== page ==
must still set this field to indicate the minimum buffer size
required.
=back
B<NOTE:>
The key names and associated types are defined by the entity that
offers these parameters, i.e. names for parameters provided by the
OpenSSL libraries are defined by the libraries, and names for
parameters provided by providers are defined by those providers,
except for the pointer form of strings (see data type descriptions
below).
Entities that want to set or request parameters need to know what
those keys are and of what type, any functionality between those two
entities should remain oblivious and just pass the C<OSSL_PARAM> array
along.
=head2 Supported types
The C<data_type> field can be one of the following types:
=over 4
=item C<OSSL_PARAM_INTEGER>
=item C<OSSL_PARAM_UNSIGNED_INTEGER>
The parameter data is an integer (signed or unsigned) of arbitrary
length, organized in native form, i.e. most significant byte first on
Big-Endian systems, and least significant byte first on Little-Endian
systems.
=item C<OSSL_PARAM_REAL>
=for comment It's still debated if we need this or not.
The parameter data is a floating point value in native form.
=item C<OSSL_PARAM_UTF8_STRING>
The parameter data is a printable string.
=item C<OSSL_PARAM_OCTET_STRING>
The parameter data is an arbitrary string of bytes.
=back
Additionally, this flag can be added to any type:
=over 4
=item C<OSSL_PARAM_POINTER_FLAG>
With this flag, C<buffer> doesn't point directly at the data, but at a
pointer that points at the data.
This can be used to indicate that constant data is or will be passed,
and there is therefore no need to copy the data that is passed, just
the pointer to it.
If an C<OSSL_PARAM> with this flag set is used to set a parameter,
C<buffer_size> must be set to the size of the data, not the size of
the pointer to the data.
If this C<OSSL_PARAM> is used in a parameter request, C<buffer_size>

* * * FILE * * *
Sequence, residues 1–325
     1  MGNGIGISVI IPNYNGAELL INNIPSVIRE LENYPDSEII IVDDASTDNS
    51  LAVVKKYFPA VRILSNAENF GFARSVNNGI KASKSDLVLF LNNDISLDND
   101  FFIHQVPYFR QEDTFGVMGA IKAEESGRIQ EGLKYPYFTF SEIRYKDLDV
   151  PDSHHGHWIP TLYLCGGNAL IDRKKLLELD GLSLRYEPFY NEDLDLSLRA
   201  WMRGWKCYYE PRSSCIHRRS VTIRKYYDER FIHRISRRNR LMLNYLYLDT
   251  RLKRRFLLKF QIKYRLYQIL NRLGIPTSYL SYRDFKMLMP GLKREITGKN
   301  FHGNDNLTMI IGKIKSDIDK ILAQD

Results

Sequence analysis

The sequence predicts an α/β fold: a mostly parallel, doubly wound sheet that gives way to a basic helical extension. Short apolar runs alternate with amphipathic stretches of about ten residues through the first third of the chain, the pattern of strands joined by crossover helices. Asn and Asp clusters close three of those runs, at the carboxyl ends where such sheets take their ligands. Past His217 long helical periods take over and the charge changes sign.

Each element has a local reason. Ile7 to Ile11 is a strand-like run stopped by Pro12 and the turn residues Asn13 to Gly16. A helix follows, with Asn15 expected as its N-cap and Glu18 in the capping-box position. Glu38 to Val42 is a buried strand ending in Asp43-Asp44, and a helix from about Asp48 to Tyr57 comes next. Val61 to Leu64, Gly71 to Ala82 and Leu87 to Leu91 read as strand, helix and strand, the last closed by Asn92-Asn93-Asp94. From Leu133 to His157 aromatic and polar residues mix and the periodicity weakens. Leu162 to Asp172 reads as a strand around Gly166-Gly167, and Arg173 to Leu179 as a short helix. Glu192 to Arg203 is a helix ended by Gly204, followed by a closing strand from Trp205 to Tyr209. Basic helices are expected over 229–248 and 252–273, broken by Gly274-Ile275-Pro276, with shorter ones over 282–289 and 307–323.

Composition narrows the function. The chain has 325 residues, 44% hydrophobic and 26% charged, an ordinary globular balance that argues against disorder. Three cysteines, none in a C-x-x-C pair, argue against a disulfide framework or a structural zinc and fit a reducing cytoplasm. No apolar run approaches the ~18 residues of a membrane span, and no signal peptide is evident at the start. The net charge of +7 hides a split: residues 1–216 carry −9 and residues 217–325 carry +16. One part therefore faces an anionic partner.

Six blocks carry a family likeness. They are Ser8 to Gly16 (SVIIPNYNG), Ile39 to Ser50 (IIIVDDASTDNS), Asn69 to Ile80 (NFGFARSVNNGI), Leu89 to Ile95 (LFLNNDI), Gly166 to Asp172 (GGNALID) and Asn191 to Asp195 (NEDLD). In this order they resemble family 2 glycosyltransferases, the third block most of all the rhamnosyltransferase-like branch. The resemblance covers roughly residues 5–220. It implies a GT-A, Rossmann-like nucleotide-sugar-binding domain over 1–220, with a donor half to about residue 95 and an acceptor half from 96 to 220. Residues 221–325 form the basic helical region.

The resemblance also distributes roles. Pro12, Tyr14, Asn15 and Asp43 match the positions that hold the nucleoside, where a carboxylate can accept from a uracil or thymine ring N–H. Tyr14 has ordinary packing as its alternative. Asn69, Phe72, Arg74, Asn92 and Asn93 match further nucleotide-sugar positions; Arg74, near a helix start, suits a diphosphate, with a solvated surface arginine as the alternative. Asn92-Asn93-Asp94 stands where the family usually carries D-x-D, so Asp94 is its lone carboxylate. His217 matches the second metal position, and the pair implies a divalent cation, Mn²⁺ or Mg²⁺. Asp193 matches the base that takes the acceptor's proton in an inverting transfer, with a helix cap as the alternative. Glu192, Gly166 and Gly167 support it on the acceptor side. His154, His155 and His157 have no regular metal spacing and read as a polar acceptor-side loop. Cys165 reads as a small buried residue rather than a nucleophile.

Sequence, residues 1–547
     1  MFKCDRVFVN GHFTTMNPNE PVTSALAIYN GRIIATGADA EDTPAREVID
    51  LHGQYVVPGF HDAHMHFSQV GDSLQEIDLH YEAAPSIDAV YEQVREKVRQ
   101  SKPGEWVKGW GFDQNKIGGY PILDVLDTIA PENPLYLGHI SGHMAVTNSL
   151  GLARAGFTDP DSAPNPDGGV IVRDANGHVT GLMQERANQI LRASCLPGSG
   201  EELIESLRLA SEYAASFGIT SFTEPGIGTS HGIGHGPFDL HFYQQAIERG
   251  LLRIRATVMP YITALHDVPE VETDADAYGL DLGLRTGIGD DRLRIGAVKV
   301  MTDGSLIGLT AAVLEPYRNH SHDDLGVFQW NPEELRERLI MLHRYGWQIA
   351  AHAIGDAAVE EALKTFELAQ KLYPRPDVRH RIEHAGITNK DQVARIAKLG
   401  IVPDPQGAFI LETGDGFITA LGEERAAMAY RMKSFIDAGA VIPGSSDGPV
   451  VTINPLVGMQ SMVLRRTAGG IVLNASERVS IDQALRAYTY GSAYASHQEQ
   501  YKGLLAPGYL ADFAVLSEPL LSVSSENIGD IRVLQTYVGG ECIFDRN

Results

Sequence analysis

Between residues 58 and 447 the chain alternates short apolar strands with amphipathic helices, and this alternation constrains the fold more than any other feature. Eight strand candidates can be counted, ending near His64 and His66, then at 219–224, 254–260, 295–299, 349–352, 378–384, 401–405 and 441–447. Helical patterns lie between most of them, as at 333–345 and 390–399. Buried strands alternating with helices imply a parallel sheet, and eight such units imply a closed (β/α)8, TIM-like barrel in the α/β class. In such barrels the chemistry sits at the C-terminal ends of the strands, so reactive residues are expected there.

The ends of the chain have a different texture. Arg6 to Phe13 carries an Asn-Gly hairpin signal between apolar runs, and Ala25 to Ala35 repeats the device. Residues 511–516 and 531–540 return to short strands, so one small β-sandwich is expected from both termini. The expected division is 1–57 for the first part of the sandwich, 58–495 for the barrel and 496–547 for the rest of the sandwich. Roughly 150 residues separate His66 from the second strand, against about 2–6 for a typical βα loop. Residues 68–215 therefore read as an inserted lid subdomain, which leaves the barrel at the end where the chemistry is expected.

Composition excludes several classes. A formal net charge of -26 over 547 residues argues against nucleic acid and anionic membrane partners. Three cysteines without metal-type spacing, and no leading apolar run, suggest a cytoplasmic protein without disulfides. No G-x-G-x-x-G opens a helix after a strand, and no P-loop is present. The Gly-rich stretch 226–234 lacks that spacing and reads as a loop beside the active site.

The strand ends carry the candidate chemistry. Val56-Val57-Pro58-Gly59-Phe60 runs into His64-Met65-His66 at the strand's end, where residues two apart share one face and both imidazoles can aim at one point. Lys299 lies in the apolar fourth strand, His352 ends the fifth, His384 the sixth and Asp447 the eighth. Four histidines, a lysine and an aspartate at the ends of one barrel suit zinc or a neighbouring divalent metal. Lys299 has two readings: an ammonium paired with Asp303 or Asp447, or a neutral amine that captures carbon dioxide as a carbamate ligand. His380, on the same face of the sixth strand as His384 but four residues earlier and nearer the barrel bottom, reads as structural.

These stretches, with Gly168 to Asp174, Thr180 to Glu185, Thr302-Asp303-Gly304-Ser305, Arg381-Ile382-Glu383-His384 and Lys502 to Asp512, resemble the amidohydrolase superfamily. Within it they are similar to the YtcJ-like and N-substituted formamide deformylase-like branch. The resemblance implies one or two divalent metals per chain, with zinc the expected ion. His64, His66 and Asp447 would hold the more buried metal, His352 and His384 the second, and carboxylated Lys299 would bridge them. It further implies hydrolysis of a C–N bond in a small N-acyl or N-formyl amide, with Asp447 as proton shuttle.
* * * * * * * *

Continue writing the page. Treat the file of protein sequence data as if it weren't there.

is not relevant.
However, the I<responder> will set C<*return_size> to the size of the
data (again, not the size of the pointer to the data).
Note that the use of this flag is B<fragile> and can only be safely
used for data that remains constant and in a constant location for a
long enough duration (such as the life-time of the entity that
offers these parameters).
=back
For convenience, these types are provided:
=over 4
=item C<OSSL_PARAM_UTF8_STRING_PTR>
=item C<OSSL_PARAM_OCTET_STRING_PTR>
These are combinations of C<OSSL_PARAM_UTF8_STRING> as well as
C<OSSL_PARAM_OCTET_STRING> with C<OSSL_PARAM_POINTER_FLAG>.
=back
=head1 NOTES
Both when setting and requesting parameters, the functions that are
called will have to decide what is and what is not an error.
The recommended behaviour is:
=over 4
=item *
Keys that a I<setter> or I<responder> doesn't recognise should simply
be ignored.
That in itself isn't an error.
=item *
If the keys that a called I<setter> recognises form a consistent
enough set of data, that call should succeed.
=item *
A I<responder> must never change the fields of an C<OSSL_PARAM>, it
may only change the contents of the buffers that C<buffer> and
C<return_size> point at.
=item *
If the data type for a key that it's associated with is incorrect,
the called function may return an error.
The called function may also try to convert the data to a suitable
form (for example, it's plausible to pass a large number as an octet
string, so even though a given key is defined as an